6 Replies Latest reply on Apr 5, 2011 6:33 AM by Ed.Macke

    Proper way of doing audio cross-fade

    mrQQ

      Hello,

       

      I still don't understand how to do a proper audio cross fade:

       

      1. Put two songs on different tracks, somewhat overlapping, and use fade-in/fade-out? Doesn't sound like a way.

      2. Put two songs next to each other in same track and use audio crossfade transition? But this requires tracks to be overlapping. What is the proper way to make them overlapping? Trim a bit from each? But you usually only know if a fade is good after listening to it, and this way its almost impossible to nail it!

       

      how are you supposed to do it?

       

      thanks!    

        • 1. Re: Proper way of doing audio cross-fade
          Steve Grisetti Adobe Community Professional

          You don't overlap the two audio clips, Algirdas. Just put them end-to-end on your timeline.

           

          For the best results, you should trim about half a second from the end of the first clip and about half a second from the beginning of the next so that they'll have some head and tail material to work with. (Bill Hunt's article on transitions and handles may help you undertand why, although I also go into a detailed explanation in my books.)

           

          Then just place the Cross-Dissolve effect (Edit tab/Effects/Audio Effects) onto the intersection of the two clips.

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          • 2. Re: Proper way of doing audio cross-fade
            Ed.Macke Level 3

            My experience has been that the Cross-Dissolve effect is the simplest and most effective way to do crossfade 99% of the time.

             

            But every once in a while, I run into a situation where I can't make the head/tail material work for both audio and video fades: if I trim the clips so the audio works, the video ends up wonky. Or vice-versa.

             

            In those cases, I've resorted to Option #1 (overlapping the audio and using Fade-In/Out, or more likely, keyframes). I think I usually end up unlinking the audio and video first so I can trim them to different lengths.

             

            Has that been your experience as well?

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            • 3. Re: Proper way of doing audio cross-fade
              N9JCR Level 2

              You may be confusing video transitions (cross dissolve) with audio transitions (cross fade).  To my knowledge, cross dissolve only effects the video, not the audio - you likely need both.

               

              Bob

              • 4. Re: Proper way of doing audio cross-fade
                mrQQ Level 1

                I'm talking about cross-fade of soundtrack. Not the video and/or linked audio track.

                 

                To properly crossfade soundtrack you need to find a good fading point. Just triming second of beginning/end won't do, because usually that is silence anyway. I guess 1) seems to be easier way..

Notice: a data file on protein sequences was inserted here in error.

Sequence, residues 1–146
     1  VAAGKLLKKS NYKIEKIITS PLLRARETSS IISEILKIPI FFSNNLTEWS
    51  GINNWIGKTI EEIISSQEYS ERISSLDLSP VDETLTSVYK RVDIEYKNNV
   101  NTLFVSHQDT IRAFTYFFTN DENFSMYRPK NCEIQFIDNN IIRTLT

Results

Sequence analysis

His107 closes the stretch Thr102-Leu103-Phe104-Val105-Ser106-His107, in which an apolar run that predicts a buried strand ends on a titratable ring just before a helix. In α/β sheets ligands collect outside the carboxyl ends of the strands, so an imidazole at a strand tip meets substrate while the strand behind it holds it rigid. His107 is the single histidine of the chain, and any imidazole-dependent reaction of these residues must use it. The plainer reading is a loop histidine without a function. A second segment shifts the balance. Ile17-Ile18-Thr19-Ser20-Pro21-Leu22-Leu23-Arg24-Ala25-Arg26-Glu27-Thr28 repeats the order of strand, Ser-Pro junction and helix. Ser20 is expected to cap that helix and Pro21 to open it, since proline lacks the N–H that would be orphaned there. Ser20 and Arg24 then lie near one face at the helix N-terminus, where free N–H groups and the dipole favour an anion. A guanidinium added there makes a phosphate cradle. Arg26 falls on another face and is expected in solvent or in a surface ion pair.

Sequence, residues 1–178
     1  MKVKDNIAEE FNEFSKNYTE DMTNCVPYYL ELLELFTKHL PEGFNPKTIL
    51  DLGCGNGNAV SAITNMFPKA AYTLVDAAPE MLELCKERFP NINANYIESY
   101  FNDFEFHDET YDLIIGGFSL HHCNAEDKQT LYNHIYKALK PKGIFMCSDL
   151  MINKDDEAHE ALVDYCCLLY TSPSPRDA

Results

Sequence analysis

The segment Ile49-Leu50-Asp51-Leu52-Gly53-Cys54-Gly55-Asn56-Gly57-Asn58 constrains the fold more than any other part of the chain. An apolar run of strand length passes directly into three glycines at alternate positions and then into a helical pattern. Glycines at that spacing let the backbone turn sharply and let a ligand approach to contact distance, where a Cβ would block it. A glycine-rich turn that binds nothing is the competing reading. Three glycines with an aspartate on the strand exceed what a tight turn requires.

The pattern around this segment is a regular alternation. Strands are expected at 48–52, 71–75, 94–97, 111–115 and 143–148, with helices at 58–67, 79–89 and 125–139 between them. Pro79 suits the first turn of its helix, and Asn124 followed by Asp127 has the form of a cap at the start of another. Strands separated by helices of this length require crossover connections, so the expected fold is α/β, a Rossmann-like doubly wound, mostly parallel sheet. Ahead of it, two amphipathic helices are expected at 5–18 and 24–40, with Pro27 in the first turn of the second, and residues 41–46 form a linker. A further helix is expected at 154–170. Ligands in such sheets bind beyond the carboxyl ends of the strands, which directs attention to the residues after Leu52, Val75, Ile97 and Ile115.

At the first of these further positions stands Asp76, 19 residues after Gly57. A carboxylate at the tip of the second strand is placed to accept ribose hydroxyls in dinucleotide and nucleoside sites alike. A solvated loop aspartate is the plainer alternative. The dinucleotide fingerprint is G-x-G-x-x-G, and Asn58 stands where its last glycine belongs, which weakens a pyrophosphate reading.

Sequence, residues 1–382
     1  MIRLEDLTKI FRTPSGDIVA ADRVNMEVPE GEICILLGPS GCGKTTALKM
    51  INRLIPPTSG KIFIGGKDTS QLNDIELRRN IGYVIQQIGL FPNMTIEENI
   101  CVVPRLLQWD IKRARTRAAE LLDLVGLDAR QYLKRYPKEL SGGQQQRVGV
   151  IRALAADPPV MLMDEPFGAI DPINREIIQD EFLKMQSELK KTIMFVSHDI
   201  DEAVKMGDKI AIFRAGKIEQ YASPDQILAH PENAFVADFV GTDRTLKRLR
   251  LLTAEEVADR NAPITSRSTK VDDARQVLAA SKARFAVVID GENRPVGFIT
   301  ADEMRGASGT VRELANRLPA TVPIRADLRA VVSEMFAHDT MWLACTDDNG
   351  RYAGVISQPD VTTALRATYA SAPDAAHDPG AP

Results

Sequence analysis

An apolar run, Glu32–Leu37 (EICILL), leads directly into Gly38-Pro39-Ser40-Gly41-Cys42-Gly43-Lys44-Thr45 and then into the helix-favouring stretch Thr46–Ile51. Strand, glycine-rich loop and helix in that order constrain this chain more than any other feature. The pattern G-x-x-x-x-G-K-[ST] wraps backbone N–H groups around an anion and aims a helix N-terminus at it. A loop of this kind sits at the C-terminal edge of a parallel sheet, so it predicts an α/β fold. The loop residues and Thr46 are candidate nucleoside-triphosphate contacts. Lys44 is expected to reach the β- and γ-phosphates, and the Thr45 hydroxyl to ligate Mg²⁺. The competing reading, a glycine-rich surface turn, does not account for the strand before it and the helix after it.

• 5. Re: Proper way of doing audio cross-fade
                  Steve Grisetti Adobe Community Professional

                  The soundtrack is an audio track, Algirdas. So my instructions will work.

                   

                  And, naturally, you'll need to trim that half a second off the part of each clip where the music actually begins. Trimming it off the silence before or after the song obviously won't make any difference.

                  • 6. Re: Proper way of doing audio cross-fade
                    Ed.Macke Level 3

                    What I was trying to say was that the using the "canned" audio transition works in most situations, but in my experience there are *some* situations where the other (manual) approach works better.

                     

                    One such example I've run into is when you want to do both an audio and video transition (i.e. a cross-fade on the audio and a cross-dissolve on the video). You trim your clip to get the head/tail length that gives you the cross-dissolve video transition you want, but you need different head/tail material to give you the audio transition you want.

                     

                    Another example is where the pre-defined audio transition "shapes" (i.e. the rate of increase / decrease over time) don't give you what you want. You really only have 2 options (at least in PE 7).

                     

                    Anyway, my point was that I agree with Steve that the pre-built audio transitions is the right way, but that every once in a while the right way might not give you exactly what you want and manually doing the cross-fade (basically the OP's "option 1") gives you more control.

                     

                    Same thing with some of the other transitions (e.g. video dip-to-black or cross-dissolve).

                     

                    I'm probably just muddying the waters.... sorry! Nevermind!

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